By Lisa Manley (Vice President, Sustainability at Mars) and Chris Jochnick (President & CEO at Landesa)
Land is a source of power, wealth, and livelihood. Yet land rights remain a distant aspiration for so many. Around the world, nearly 1 in 5 adults feel insecure about their land or property rights. This represents nearly 1 billion people who consider it likely or very likely that they will lose rights to their home or land against their will in the next five years. That means that most people in the world’s poorest communities survive off of land that is either unregistered or insecure.
When people do not possess rights to land, they are less likely to take action to protect the land and the natural resources it helps to cultivate. They also lack a basic asset that can empower them with opportunities for a home, loans, savings, and investment in their future.
Those without secure land rights are frequently rural women and men and Indigenous People. This perpetuates a vicious cycle of inequity and poverty that has grown during the COVID-19 pandemic. Secure land rights have the ability to improve people’s economic well-being, political power, and upward mobility.
The role of companies
Companies and their suppliers working in countries with insecure tenure rights can exacerbate land challenges and drive conflicts through land acquisitions and land-related dealings. By the same token, companies have the opportunity to drive improvements for people and the planet through responsible investments in land and advocacy for land rights.
Mars is working with Landesa, a leading non-profit with the mission to secure land rights for millions of the world’s poorest, mostly rural women and men, to create guidance for Mars’ suppliers in their efforts to respect and strengthen land rights. This framework is designed to provide practical steps that suppliers can take to respect the land rights of individuals, families, and communities. We know that when these rights are respected, rights holders benefit from:
- Increased ability to invest in their land, leading to greater crop incomes and resilience to climate change;
- Improved nutrition, health, and education;
- Increased agency and empowerment of women and local communities; and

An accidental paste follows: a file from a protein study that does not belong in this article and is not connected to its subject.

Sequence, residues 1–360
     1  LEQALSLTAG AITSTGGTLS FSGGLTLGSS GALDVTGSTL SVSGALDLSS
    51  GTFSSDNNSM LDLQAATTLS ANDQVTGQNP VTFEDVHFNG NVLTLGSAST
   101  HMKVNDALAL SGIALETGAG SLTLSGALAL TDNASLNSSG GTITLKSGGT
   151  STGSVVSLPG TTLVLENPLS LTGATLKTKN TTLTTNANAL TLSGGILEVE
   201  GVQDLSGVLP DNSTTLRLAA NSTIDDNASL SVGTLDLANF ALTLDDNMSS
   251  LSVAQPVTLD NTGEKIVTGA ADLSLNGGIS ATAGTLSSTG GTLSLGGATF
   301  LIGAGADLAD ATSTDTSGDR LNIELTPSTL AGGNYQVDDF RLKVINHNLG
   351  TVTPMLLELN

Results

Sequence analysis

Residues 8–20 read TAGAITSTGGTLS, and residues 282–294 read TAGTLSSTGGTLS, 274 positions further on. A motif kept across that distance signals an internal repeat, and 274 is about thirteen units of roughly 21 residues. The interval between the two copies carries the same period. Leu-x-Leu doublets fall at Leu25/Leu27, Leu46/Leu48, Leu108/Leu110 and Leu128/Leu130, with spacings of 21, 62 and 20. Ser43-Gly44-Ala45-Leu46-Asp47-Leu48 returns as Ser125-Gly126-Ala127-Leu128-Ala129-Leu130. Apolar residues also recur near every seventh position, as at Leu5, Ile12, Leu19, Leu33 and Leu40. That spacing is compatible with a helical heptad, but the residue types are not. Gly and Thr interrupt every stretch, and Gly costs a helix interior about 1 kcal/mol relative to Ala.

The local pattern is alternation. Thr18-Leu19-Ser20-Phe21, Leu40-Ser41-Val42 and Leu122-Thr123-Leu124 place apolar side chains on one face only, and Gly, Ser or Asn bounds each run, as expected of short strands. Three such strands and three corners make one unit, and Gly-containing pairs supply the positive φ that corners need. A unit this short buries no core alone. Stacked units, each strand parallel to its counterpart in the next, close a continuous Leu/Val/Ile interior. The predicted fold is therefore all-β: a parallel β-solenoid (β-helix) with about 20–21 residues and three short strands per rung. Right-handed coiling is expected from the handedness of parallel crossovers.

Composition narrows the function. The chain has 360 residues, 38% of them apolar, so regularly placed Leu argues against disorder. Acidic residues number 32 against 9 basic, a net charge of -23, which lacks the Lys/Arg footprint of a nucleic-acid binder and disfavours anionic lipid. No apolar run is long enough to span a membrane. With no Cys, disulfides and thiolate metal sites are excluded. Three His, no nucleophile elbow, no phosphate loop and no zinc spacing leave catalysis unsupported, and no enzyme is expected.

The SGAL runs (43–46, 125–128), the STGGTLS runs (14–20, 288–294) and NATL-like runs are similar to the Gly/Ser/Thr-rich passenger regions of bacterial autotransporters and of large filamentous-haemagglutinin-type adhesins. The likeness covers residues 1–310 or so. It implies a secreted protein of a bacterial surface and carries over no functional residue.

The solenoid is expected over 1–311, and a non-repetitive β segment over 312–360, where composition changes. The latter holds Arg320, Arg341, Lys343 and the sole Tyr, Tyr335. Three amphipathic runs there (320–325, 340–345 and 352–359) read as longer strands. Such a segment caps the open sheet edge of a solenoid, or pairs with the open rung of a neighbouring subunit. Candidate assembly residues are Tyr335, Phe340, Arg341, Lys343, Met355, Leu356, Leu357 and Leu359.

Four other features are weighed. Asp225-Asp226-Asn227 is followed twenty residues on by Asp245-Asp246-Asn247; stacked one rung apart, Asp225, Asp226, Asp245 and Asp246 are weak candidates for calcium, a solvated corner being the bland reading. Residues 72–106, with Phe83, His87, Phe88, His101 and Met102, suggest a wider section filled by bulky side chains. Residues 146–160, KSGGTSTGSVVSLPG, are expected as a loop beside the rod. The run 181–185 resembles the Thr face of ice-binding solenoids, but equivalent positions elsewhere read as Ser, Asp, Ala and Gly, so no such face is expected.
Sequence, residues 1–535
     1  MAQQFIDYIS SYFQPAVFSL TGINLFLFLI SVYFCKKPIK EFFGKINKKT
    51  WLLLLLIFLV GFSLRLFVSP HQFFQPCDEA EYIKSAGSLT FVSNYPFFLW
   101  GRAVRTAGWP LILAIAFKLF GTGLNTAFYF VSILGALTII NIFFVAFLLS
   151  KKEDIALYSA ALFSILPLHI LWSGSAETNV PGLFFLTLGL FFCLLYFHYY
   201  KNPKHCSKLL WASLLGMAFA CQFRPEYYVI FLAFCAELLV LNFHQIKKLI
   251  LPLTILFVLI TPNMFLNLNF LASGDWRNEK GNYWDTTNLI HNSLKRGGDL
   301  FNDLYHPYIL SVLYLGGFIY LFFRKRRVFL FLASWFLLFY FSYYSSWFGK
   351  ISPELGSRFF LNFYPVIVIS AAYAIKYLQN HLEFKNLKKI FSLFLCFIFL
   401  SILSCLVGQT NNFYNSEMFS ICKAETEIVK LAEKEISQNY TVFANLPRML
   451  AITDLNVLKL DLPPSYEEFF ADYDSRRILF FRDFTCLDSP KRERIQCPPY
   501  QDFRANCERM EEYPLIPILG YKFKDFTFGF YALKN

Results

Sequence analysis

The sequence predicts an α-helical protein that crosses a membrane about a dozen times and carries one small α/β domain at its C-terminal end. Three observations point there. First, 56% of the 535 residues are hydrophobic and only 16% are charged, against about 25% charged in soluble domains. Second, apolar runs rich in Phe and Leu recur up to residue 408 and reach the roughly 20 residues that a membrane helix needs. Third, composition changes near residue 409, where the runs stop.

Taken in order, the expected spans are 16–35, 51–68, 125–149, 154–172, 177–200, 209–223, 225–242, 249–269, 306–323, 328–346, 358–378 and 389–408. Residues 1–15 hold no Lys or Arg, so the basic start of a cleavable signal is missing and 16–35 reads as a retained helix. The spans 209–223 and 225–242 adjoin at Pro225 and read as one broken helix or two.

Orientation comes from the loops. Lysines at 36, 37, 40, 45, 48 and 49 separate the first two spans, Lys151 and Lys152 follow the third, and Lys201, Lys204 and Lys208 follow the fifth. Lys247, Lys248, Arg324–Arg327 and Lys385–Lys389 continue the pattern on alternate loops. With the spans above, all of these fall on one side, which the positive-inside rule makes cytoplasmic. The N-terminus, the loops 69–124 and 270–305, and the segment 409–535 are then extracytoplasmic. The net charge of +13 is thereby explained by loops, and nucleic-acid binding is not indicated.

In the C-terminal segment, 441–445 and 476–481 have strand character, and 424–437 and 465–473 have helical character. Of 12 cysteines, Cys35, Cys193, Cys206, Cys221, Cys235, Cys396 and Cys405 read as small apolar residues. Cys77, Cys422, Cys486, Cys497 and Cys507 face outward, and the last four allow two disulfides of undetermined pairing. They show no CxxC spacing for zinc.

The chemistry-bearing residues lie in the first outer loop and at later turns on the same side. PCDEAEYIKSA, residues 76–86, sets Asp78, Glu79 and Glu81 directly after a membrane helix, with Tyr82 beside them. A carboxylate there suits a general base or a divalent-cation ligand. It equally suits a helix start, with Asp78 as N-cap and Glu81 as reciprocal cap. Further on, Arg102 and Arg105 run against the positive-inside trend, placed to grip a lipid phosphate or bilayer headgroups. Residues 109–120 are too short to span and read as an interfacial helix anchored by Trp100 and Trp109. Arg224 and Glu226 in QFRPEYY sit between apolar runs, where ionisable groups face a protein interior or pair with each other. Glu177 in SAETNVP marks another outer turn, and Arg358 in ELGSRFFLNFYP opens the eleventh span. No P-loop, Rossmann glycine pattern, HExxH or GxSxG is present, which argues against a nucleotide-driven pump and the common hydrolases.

- Reduced conflict and instability.
And there are benefits to business as well. When businesses respect land rights, they can benefit from:
- Better relationships with communities around them;
- A more stable operating environment due to lower risks of conflict with or among communities;
- Avoidance of costly operating delays or security force intervention; and
- Lower risk of lawsuits or reputational damage relating to land conflicts.
Mars’ commitment to respect and strengthen land rights
This guidance is a critical step on our journey to improve respect for land rights in our operations and our supply chains. We recognize that advancing respect for land rights cannot be achieved in silos, which is why working with governments and partners like Landesa to advance our shared goals to expand access to, and respect of, secure land rights is also important.
“At Mars, we are deepening our efforts to advance respect for land rights. To be successful we are focused on supporting our suppliers as they take steps to develop policies and procedures that advance respect for land rights across their own operations and supply chains. That is why we partnered with Landesa to publish this practical guidance for incorporating land rights into management systems and good practice steps to employ when land is being purchased, leased, or subject to a land use change.”
– Alissa Marturano, Associate Director, Sustainable Sourcing, Mars Wrigley
We invite our suppliers and other companies involved in investing in land to use this guidance to advance practices that demonstrate respect for land rights in their operations and supply chains. We believe using this framework creates a win-win for agribusinesses and land rights holders alike. By using this guidance, our suppliers are better equipped to create management systems that help them invest in land responsibly so that people can thrive today and for generations to come.